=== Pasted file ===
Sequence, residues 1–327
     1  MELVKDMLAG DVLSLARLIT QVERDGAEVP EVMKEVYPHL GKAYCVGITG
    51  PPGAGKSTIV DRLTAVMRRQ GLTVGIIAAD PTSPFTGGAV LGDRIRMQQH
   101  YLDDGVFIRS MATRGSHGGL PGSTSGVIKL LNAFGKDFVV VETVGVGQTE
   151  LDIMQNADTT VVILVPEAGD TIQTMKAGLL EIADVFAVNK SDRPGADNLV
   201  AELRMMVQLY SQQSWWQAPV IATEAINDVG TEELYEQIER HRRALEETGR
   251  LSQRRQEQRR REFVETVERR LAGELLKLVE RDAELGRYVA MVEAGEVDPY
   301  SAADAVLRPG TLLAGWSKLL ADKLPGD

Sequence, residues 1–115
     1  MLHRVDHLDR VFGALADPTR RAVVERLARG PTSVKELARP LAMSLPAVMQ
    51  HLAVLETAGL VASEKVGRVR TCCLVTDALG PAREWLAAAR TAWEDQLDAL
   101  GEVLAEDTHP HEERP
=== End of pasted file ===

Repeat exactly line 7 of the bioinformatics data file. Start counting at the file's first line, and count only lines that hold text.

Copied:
   251  LSQRRQEQRR REFVETVERR LAGELLKLVE RDAELGRYVA MVEAGEVDPY